I love politics. I am passionate about ideas and have a deep need to express my opinions. This is great except that I am also terribly sensitive. I am the sort of person who takes elections personally.
I've always been this way. In elementary school when my class would vote to play kickball instead of hide-and-seek it felt like a direct assault. Later, when I successfully worked to convince my high school class to vote in favor of having our graduation ceremony outside on the football field rather than inside our steaming hot gym, I felt like the greatest person alive. There wasn't much at stake way back then, but that didn't make my emotions any less ferocious.
Knowing this, it won't surprise you to learn that I did not leave my house the day after the presidential election. I feel everything very hard, and was genuinely afraid to put my queer and Jewish body in public. Maybe that sounds dramatic, maybe you have a different political viewpoint, but I had spent the last year and half pretending that the aggression and hate I was watching on TV was far away. The election results popped the queer and Jewish bubble I live in and brought that distant negativity right to my doorstep. Was I in danger? How could I go outside? Thank goodness I have the option to work from home.
I was sad for a few days, but slowly started allowing myself to be around people. The first event I attended that didn't involve me eating my feelings was "Israel Story Live" on Nov. 16 at SPACE in Evanston, organized by JCC Chicago.
For those not familiar, Israel Story is an Israeli radio show and audio podcast. It began production in 2013 on Galey Tzahal, Israel's national Army Radio station. The show was originally inspired by This American Life, and episodes are structured similarly with each having a theme and several stories that connect to that theme. The stories are long-form non-fiction and showcase a diverse Israel, offering a more personal and true-to-life alternative to the way Israel is often portrayed.
When I say that Israel Story was inspired by This American Life, what I really mean is that it is basically the Israeli version of the show complete with a charming Jewish host who is sometimes referred to as "Israel's Ira Glass" and kooky musical interludes provided by The Hazelnuts. The show has actually received the blessing of Ira Glass and has been rebroadcast on NPR.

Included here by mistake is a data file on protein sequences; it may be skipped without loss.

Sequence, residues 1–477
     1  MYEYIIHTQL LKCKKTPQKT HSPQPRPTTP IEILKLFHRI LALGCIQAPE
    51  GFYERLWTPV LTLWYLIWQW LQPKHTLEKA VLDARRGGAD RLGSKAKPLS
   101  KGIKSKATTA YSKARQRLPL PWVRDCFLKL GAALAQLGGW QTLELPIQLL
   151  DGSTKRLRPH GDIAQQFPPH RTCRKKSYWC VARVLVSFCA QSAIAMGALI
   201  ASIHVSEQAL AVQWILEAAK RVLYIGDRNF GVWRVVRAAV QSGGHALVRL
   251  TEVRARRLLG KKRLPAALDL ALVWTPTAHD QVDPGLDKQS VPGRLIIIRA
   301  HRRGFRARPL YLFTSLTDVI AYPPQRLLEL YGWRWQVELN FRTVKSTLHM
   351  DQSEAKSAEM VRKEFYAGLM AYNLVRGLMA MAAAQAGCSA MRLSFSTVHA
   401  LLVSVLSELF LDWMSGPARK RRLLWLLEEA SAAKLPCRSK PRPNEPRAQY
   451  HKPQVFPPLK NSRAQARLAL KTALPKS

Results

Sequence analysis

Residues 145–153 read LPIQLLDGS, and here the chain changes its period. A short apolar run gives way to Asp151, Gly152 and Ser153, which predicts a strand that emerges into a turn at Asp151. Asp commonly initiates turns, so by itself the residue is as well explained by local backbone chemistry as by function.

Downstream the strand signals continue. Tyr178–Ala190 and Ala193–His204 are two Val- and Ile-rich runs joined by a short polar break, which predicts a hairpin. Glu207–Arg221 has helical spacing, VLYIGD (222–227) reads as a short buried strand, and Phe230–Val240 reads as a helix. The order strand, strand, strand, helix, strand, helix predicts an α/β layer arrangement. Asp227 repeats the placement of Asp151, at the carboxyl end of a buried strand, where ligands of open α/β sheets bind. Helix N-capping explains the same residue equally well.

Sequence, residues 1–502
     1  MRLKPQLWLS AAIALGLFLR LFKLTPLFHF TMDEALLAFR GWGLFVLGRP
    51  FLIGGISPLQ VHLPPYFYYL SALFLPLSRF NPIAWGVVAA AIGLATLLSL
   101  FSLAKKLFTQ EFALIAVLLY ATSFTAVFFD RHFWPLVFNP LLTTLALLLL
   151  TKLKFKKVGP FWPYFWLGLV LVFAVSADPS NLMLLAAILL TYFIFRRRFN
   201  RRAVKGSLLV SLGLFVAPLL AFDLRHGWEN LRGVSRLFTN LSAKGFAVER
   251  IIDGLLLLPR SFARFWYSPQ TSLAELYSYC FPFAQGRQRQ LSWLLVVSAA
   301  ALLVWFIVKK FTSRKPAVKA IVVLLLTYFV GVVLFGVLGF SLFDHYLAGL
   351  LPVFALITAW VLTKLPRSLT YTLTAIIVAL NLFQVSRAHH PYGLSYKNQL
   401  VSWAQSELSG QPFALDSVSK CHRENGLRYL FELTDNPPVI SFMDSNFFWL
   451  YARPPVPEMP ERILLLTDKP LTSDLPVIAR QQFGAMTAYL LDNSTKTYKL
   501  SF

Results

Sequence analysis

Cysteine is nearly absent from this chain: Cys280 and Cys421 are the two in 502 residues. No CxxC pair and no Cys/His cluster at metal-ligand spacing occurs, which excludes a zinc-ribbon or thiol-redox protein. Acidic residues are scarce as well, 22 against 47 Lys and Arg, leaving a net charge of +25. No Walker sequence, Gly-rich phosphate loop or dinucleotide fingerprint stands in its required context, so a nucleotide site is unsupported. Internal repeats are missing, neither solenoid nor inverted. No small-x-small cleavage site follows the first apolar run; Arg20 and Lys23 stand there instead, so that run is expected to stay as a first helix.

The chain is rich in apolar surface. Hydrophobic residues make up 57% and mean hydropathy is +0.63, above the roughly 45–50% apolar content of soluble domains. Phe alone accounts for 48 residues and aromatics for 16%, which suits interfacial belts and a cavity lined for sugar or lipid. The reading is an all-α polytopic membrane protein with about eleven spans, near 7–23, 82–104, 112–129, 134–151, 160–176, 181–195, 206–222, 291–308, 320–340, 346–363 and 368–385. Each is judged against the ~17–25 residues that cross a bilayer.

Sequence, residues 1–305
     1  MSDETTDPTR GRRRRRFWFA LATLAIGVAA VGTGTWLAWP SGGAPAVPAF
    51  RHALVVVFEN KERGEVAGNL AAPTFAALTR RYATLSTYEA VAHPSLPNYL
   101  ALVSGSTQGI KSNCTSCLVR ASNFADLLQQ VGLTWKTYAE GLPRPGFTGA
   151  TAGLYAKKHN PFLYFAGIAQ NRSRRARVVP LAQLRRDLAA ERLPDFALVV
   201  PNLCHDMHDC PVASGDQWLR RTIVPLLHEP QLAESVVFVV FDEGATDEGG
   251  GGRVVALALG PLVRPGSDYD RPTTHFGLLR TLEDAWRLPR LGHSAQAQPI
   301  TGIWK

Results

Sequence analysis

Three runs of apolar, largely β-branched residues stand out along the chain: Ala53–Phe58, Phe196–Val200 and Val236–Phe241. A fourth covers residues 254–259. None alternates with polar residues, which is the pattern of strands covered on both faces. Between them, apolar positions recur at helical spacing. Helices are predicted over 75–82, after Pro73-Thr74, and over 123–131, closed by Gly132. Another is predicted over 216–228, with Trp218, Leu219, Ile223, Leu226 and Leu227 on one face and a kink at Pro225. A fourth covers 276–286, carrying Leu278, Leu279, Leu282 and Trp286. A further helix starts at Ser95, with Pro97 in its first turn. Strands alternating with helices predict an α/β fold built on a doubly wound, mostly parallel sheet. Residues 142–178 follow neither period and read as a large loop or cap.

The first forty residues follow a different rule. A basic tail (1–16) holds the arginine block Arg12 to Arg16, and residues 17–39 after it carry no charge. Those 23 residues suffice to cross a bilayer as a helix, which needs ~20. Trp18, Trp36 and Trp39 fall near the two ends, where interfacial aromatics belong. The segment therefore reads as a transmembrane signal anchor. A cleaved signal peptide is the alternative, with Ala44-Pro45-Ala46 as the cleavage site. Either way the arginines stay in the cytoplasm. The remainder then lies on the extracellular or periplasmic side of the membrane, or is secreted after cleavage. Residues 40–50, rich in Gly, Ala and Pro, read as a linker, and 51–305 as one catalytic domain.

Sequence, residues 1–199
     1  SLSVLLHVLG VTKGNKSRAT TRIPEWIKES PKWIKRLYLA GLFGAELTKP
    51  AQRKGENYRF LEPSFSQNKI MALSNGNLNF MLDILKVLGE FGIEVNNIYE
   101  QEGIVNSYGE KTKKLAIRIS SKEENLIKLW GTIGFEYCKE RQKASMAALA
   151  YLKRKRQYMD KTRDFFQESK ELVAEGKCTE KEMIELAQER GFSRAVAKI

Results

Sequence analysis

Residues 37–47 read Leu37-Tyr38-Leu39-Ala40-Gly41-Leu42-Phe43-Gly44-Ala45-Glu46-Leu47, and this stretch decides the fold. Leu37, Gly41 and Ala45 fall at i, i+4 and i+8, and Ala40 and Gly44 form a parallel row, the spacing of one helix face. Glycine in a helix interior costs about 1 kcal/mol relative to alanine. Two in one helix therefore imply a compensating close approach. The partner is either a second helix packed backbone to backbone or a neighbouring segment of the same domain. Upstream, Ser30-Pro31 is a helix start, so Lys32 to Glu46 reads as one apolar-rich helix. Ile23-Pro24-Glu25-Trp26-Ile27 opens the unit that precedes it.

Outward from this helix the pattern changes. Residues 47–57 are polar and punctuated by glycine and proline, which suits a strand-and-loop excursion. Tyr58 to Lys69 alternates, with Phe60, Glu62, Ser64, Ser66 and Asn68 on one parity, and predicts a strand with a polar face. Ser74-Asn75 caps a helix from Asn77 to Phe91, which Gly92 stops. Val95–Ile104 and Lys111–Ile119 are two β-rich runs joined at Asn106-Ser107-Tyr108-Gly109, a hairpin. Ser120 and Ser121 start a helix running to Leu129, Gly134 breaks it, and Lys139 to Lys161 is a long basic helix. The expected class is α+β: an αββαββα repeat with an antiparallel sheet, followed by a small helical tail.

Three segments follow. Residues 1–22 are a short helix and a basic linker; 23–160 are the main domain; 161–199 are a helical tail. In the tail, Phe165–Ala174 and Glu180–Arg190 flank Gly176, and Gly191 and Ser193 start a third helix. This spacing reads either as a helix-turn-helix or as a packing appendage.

This particular show featured stories about strong, funny and pioneering Israeli women. It featured everything from a man's relationship and love for his grandmother that continued while he was far away in America to a family's Holocaust secret and a young boy's obsession with the female members of Israel's Knesset.
This theme was chosen, host Mishy Harman said, "before we realized that Nate Silver could not be trusted."
It was a heartbreaking and true joke that united the room; it helped me to not feel so alone. It was good to be in that room. Maybe I wasn't the only person finally venturing out into the world, feeling a little delicate -- interesting, because that is also the magic of non-fiction storytelling.
Maybe I am not the only one. It's hard to listen to someone tell you a story from their life and not feel some sort of connection or empathy. Israel Story reminded me how important it is to not only tell our own stories, but to listen and engage with those around us, to see and be seen. This might be the most important lesson, especially now and possibly of all time. We as Jews, as queer people -- as whatever you identify -- have to be seen, must be heard.
Adulting (as the kids say) can be hard. We don't always get what we want, or even what we believe at our core to be right and true. Sometimes you might get your graduation ceremony where you want it, but there are the times where you're going to have to play kickball even if it's not what you're in the mood to do. It's important to show up and have your voice heard. Chances are someone needs to see you, needs to know that they are not the only one.